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Water and People: Assessing Policy Priorities for Climate Change Adaptation in the Mediterranean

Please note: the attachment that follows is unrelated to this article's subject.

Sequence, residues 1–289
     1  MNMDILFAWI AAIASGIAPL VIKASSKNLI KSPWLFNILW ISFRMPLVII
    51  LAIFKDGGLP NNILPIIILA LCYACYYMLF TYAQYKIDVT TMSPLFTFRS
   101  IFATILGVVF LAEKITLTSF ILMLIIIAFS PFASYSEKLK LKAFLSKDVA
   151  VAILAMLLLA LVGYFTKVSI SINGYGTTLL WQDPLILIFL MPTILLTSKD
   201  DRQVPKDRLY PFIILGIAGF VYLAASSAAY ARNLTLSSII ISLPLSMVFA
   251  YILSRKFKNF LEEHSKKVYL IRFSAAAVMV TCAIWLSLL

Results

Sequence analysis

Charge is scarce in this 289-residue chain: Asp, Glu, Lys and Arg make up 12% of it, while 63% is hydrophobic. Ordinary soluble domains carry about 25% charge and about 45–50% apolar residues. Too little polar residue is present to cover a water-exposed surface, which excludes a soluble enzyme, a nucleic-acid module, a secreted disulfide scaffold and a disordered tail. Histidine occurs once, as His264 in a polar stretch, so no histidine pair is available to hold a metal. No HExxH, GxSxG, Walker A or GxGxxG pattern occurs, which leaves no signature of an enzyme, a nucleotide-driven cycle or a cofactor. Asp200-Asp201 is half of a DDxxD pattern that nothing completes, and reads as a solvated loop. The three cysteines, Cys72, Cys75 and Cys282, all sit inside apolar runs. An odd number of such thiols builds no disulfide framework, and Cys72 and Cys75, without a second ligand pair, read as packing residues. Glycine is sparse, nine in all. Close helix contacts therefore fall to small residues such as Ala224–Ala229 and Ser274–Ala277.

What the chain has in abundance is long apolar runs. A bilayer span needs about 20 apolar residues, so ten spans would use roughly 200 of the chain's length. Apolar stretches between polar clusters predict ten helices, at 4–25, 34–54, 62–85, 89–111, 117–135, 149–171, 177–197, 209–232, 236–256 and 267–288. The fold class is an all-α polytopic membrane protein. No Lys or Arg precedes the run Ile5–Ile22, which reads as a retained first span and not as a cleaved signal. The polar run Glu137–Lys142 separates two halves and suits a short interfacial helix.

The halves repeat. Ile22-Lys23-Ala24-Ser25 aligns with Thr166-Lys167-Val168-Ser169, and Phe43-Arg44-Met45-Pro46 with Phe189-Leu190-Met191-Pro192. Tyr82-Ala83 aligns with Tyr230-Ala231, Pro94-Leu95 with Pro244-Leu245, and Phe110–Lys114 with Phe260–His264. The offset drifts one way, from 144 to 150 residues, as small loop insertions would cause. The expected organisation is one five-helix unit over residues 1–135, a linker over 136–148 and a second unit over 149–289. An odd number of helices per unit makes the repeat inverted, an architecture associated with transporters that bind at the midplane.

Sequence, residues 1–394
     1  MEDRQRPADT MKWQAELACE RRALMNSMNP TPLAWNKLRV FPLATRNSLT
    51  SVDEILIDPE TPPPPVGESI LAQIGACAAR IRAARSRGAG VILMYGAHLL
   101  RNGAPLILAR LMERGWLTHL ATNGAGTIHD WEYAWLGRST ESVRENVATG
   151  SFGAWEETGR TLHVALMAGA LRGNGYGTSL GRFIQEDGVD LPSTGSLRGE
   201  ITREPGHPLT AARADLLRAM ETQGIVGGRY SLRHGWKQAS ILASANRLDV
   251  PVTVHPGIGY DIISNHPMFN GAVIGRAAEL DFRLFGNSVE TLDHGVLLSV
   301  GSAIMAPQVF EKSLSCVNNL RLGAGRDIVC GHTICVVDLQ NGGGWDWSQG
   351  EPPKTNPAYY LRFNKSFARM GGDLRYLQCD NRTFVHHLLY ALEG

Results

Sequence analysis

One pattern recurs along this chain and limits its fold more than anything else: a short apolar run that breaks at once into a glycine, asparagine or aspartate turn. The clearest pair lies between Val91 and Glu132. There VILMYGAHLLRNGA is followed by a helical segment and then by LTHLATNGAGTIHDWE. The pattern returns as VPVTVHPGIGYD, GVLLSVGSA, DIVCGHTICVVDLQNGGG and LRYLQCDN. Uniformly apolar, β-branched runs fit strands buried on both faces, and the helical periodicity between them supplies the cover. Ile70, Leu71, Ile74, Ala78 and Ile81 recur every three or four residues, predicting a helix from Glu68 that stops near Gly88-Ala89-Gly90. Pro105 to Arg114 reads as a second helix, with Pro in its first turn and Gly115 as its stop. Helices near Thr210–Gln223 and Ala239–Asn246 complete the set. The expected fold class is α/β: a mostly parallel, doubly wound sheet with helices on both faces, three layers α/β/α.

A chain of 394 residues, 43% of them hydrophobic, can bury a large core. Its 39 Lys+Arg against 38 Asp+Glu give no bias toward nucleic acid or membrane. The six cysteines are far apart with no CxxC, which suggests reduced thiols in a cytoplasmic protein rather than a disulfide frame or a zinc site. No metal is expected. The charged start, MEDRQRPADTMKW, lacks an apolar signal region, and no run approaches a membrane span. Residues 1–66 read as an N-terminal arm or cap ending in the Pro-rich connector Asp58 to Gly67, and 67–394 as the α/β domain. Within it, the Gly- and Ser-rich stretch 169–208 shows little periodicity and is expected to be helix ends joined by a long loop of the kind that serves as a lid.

Water is scarce in Mediterranean countries: cities are crowded with increasing demand; food is produced with large amounts of water; ecosystems demand more water than is often available; drought affects all. As climate change impacts become more noticeable and costlier, some current water management strategies will not be useful. According to the findings of CIRCE, the areas with limited water resources will increase in the coming decades (Parts 1 and 2) with major consequences for the way we produce food and we protect ecosystems (Part 3). Based on these projections this chapter discusses water policy priorities for climate change adaptation in the Mediterranean. We first summarize the main challenges to water resources in Mediterranean countries and outline the risks and opportunities for water under climate change based on previous studies. Recognizing the difficulty to go from precipitation to water policy, we then present a framework to evaluate water availability in response to natural and management conditions, with an example of application in the Ebro basin that exemplifies other Mediterranean areas. Then we evaluate adaptive capacity to understand the ability of Mediterranean countries to face, respond and recover from climate change impacts on water resources. Social and economic factors are key drivers of inequality in the adaptive capacity across the region. Based on the assessment of impacts and adaptive capacity we suggest thresholds for water policy to respond to climate change and link water scarcity indicators to relevant potential adaptation strategies. Our results suggest the need to further prioritize socially and economically sensitive policies.